DD (age 10) "moustache"
Any advice please? DD has developed a bit of a 'tache on upper lip, as well as hair under arms "etc". It's not bothering her at the moment (as far as I know, anyway), but she'll be going up to high school in September and I want to be prepared for if she starts getting teased/bullied or otherwise becomes self conscious about it. Shaving underarms I don't have a problem with when she brings it up, but I don't think it is a solution with facial hair. Any ideas?
REading this with interest. My DD (9) has always had a noticeable 'tache as her dad's family are Indian so hairiness seems to come with the territory. She'd mentioned a couple of incidences of teasing so after discussion, we agreed to try facial hair removal cream. As her hair is quite thick I left it on for the full recommended time of, I think, 5 mins. It was effective and it's not come back as obvious but she really didn't like the chemical smell / burning sensation and has, for the time being, said she's perfectly happy to keep her, as she calls it "lip warmer"! Next step, I think, may be waxing as she won't go near the cream again!
How often does upper lip hair have to be waxed? Is it easy to do at home?
My DD (12) has inherited DH's hairiness and has had noticeable hair on her upper lip for a year or so now. She is very self conscious about it and says people have commented at school (not unkindly I don't think but still attention she'd rather not have).
We tried hair-removal cream but even though it was a sensitive one she could feel it burning when we applied it and it left her with a horrible rash - thank God it was half term.
We're both reluctant to try anything else after that so at the moment I'm trimming it for her with nail scissors. Could really do with a better option though!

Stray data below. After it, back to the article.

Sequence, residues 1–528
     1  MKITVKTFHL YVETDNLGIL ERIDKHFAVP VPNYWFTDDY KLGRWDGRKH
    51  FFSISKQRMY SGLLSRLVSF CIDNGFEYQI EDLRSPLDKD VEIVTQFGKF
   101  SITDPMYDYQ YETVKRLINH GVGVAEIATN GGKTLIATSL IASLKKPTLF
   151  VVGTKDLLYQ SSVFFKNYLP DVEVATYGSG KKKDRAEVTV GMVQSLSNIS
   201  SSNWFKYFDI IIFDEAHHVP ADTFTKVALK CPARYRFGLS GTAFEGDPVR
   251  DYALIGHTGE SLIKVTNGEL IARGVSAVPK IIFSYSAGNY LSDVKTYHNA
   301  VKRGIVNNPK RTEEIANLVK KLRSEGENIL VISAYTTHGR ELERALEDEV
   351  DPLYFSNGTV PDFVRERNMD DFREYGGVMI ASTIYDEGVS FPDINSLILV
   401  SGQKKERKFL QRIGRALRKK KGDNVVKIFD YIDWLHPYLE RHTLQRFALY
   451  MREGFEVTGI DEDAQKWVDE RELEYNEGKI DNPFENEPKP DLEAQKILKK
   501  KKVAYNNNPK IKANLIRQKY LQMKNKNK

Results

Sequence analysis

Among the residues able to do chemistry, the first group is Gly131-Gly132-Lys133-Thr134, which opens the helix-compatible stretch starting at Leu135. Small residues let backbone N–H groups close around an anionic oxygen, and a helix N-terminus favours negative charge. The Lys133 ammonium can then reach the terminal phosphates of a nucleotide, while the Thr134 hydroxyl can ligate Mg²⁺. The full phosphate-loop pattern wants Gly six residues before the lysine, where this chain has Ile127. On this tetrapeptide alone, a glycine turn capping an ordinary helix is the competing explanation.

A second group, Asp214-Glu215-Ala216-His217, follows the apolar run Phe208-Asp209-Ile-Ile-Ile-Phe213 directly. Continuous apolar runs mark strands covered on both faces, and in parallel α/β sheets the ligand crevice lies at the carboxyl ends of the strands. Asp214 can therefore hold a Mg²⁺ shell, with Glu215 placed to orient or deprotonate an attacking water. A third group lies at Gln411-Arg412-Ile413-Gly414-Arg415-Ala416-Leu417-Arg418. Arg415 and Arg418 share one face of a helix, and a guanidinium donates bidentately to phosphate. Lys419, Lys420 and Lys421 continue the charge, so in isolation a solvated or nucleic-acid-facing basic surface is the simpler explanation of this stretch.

I'm reviving this whiskery zombie because my dd who is ten, dark-haired and fair-skinned, has the beginnings of a light moustache that was kindly brought to her attention by a charming boy in her class. I am now feeling guilt because I noticed it a few weeks ago and my own views on body hair are that you take off as much as you want to for your own requirements and no-one else's, so I would never have commented on it to her.
Is the consensus that a specialist hair removal cream for sensitive skin might be best? I don't want to give her an orange tache in places of the dark one and I really don't want to make a big deal of it for her by taking her to have it waxed etc (she will also scream the place down)
A quick post script.
I decided to show solidarity last weekend by waxing my back and shoulders, and had to get dd to help. That was a lot more fun for her!
My dd is 11 and has had her upper lip waxed a couple of times. She asked if she could when I was going for one of my regular waxing appts. I was happy to agree as I had noticed it as well.
Niece, also 11, has waxed her under arms since she was 9. My dd will probably have her legs done before the long summer holiday. She has been thinking about it for a while and I've made her wait til she's sure.
Ha ha, well I guess it was less pleasurable for her, but she bore it with fortitude and was pleased with the result
we have just spent a pleasant time in the bathroom with me doing her first underarm shave, followed by waxing of the upper lip